Part of the concern in re-reading a text often is that in so doing you read less and recognise more. You glide over familiar words. Or, to be more particular, you glide over familiar presumptions, and so, with time, you aren’t reading what’s there, you’re reading what you think is there. — Pádraig Ó Tuama
Is it me but the more I read what’s said online, the less resonance and meaning I find in the words?
They’ve no juice as Bukowski would have said.
Two towering exceptions.
Is it born from a lack of inventiveness, a lack of scholarly interest or being awash in the cultural stream of mellifluous prose?
I understand the need to use certain words in context and not to make the writing too clever but I wonder what we’ve lost in not paying greater attention to the language?
Poetry isn’t everyone’s cup of tea but that’s only because we’ve been put off by some miserable childhood experience.
In my case, I never read poetry at school or in my early years.
But, over the second half of my life, I’ve made up for lost time and now have a reasonable collection of books that I return to over and over again. A few of my favourite poets (apart from Bukowski) include:
- Mary Oliver
- Anne Sexton
- Robert Bly
- Alden Nowlan
- Sylvia Plath
- Paul Celan
- James Lasdun
- Kae Tempest
- Philip Larkin
- Antonio Machado.
And then there are the books we read.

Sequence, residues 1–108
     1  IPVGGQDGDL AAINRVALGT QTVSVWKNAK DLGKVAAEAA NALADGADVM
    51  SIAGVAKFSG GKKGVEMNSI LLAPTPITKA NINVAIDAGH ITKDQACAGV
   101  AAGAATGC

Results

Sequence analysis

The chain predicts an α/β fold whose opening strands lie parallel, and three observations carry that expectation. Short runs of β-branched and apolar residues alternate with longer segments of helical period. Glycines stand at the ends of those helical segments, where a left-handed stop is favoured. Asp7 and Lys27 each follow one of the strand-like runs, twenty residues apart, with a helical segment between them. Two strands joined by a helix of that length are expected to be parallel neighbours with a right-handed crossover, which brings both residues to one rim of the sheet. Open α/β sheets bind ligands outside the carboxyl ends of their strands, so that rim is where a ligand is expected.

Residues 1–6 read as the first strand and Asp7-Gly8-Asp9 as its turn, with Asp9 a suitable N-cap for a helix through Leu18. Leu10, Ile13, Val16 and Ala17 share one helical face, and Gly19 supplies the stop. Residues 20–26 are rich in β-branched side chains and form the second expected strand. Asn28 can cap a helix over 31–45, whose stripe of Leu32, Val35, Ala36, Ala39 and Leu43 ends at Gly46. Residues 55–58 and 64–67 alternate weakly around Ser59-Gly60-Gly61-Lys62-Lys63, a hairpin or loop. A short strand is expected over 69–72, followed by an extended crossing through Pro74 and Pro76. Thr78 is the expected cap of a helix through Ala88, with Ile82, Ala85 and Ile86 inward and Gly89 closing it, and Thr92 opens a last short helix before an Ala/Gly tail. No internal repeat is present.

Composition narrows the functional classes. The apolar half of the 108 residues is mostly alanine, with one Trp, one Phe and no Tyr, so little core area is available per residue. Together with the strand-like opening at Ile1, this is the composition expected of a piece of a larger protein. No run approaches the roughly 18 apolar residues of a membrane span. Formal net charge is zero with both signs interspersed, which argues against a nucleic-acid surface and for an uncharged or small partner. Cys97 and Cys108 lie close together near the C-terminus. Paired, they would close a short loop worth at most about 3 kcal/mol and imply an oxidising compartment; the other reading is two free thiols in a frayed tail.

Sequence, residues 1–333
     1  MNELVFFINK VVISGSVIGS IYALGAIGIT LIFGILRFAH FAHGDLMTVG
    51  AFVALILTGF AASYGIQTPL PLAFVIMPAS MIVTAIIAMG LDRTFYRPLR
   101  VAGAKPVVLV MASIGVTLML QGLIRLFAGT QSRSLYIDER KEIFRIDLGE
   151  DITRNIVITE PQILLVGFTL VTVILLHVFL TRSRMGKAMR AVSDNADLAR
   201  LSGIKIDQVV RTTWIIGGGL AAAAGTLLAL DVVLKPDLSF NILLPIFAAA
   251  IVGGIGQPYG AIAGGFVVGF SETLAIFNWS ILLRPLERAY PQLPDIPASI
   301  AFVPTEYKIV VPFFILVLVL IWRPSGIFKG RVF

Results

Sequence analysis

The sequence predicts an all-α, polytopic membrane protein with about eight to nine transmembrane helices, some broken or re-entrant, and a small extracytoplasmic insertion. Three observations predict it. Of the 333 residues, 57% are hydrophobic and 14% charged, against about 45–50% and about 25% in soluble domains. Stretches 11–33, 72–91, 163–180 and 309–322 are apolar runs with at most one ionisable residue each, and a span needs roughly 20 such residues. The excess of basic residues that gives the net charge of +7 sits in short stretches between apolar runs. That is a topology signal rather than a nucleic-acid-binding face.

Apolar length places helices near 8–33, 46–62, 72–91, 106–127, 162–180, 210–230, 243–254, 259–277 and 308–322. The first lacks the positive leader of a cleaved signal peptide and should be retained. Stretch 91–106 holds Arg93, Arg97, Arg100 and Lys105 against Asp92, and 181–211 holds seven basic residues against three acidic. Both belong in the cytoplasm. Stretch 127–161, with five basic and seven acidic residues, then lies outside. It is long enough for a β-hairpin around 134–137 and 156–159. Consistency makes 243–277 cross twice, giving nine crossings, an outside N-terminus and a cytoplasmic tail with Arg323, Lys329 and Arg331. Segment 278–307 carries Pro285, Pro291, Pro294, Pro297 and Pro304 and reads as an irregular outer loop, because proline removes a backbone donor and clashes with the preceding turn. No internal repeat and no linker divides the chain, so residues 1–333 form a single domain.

Only a few have knocked me off my oh-so-certain perch.
And that’s a good thing, surely? We’d be all over the place if we had to live with all that metaphysical disturbance.
And music. I don’t listen to much these days but I’m attracted to minimalistic works if only because I find myself lost in the reverie forever exploring the outer reaches of my dream-infused self.
Finally, and something we rarely ever explore in our speech or writing is wonder and mystery.
The web has seen to that.
We know so much but have learnt so little, particularly as regards those subjects that don’t evince of an easy and/or glib answer.
What if we wrote from a place of not-knowing?
I think of this as the question that can’t be answered and those aren’t the sort of places in our prose, exegesis of the world, work or relationships that we want to inhabit.
In short, certainty has killed creativity.
The above is no more than an itinerant meander around the edges of the subject at hand. I’d love to know what you think. Do you agree that we’re in thrall to too much blah, blah, blah and there’s very little that weighs us down, let alone fills us with wonder and amazement?
Take care and thank you for reading this post.